Rubbed-through layers of paint on the wall lend an impression that "over the years, people would have painted things in many different colors," she said. Her coral-tinted brick wall appears to have chipped to show yellows, creams and greens beneath, but really, she's created areas within each paint layer where subsequent tints won't stick.

Similarly, rough plaster made with a texturizer coats two walls; cabinets in distressed buttermilk have that look of aging furniture - but the browns that would be wood really are applied on top of the lighter shades.

In a nearby hallway, artist Susan Perrotta, a consultant for Budeke's Paints in Timonium faked the look of textured old plaster walls by applying crinkled tissue-paper with paste and coating it with five layers of paint in pale teal, cream and gold.

"It really transforms a room because you can create your own look," she said. "But it's a lot of labor."

The kitchen, the work of John Q. Grier III of Q. Decorative Finishes in Lancaster County, Pa., and Ryan Sentz, of the Faux Dream in Perry Hall, also has multiple faux finishes, including what appears to be a tile backsplash, an old plaster ceiling and walls, and rough-textured cabinets.

The tile feels like ceramic, but it's plaster. The ceiling and walls have the look of rough old plaster, but it's newly done with earth-toned pigments rubbed in plaster.

In the rest of the house, other walls are outfitted with painted designs. Even cavemen, designers note, had murals on their walls.

"When you don't have room for furniture, or much furniture, it's nice to dress up the walls," said Pat O'Brien, a Cockeysville artist whose jazzy Art Nouveau design lures people through a hallway and up a staircase.

On a peacock-turquoise background, her black pattern of swirls around peacock feathers carries a Prohibition-era themed background for artwork depicting musicians, dancers and actors of the time.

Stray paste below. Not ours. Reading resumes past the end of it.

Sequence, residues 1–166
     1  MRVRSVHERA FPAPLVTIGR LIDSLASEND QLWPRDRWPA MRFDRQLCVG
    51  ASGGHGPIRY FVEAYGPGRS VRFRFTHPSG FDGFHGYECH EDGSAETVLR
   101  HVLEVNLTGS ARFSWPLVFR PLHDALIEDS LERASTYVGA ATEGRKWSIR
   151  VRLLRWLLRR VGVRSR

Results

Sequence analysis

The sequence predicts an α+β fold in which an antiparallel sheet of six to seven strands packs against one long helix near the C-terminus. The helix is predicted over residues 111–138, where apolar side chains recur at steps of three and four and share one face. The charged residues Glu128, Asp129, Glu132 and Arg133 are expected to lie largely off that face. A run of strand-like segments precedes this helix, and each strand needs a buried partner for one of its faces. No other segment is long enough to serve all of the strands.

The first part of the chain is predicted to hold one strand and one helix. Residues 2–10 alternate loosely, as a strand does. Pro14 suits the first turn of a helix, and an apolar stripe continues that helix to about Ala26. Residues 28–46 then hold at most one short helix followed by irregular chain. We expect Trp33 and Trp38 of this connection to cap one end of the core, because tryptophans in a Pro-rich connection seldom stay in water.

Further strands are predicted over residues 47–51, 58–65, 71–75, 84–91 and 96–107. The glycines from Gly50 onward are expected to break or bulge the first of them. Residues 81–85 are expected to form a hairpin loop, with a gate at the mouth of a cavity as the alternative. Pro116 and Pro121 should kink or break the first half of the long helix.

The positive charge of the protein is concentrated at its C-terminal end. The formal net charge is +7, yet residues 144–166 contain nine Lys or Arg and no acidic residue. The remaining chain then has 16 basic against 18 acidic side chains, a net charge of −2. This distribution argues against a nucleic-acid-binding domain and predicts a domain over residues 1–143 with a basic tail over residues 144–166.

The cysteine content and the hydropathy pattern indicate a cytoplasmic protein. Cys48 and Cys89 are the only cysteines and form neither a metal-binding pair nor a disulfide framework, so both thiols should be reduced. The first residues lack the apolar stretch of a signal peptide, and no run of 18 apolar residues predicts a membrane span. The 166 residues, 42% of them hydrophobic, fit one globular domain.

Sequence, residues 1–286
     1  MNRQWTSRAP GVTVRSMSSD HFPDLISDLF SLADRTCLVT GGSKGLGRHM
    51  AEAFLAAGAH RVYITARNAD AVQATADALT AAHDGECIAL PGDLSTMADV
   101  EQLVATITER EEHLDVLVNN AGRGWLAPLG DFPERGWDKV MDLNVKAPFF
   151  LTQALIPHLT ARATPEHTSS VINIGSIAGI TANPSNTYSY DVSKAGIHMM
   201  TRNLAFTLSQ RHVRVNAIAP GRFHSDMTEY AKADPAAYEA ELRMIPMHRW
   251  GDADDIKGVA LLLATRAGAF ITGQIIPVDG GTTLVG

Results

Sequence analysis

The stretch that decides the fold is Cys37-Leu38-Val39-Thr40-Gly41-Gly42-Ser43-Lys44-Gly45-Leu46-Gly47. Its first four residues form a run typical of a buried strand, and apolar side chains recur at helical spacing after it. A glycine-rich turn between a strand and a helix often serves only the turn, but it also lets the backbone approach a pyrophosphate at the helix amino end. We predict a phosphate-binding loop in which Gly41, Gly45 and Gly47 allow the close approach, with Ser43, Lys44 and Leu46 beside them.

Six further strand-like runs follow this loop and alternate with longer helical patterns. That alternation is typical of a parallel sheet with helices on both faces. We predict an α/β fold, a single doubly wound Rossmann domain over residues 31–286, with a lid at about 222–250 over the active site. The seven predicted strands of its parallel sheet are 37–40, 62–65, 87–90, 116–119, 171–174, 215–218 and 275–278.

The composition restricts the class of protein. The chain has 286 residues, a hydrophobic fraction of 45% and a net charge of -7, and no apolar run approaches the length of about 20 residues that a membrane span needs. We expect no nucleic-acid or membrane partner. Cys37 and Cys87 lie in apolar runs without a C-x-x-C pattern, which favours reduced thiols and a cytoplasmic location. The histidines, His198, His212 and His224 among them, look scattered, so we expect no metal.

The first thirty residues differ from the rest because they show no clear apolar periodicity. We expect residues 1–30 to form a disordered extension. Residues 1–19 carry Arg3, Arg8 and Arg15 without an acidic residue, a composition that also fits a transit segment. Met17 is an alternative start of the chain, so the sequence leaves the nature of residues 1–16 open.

And in the new house, a long, serene mural of birch trees painted by Allan Forrest, who has a Baltimore studio, adds balance to the great room designed by the Ethan Allen Design Center in Towson.

"The subtle thing is pulling in the colors of the stone, the grays, the rusts, the siennas," he said, referring to the giant stone fireplace that dominates the opposite wall. "It balances the room."


Faux finishing creates the illusion of something that's real. Here are some types of the faux and decorative painting on display at the Baltimore Symphony Decorators' Show House:


This creates a streaked, or striped appearance. It is done with paint and glaze layers, with a brush combed through to create the lines.

Paper texturizing

This makes a wall look like textured plaster. Crumpled tissue paper adheres to the wall with wallpaper paste. Layers of paint are unevenly applied.

Mural or freehand painting

This is painting -- anything from a repeated pattern to a landscape -- done on dry wall paint. Often the design is traced or sketched onto the wall before being painted.

Venetian plaster

This coats a surface with a plaster texturizing medium for a variety of looks. A pigmented compound is troweled on, often in layers. The effect is attained by how it is applied, sanded and colored.

[Andrea F. Siegel]


The 2008 Baltimore Symphony Decorators' Show House, presented by the Baltimore Symphony Associates, is at 1861 Circle Road in Ruxton. The Show House event runs through June 7. Open 1 p.m.-4 p.m. Sundays; 10 a.m.-4 p.m. Tuesdays, Wednesdays, Fridays and Saturdays; and 10 a.m.-8 p.m. Thursdays. Closed Mondays.

Tickets are $20 in advance, $25 at the door. For information, call the Baltimore Symphony ticket office at 410-783-8000 or visit Proceeds benefit the educational programs of the Baltimore Symphony Orchestra.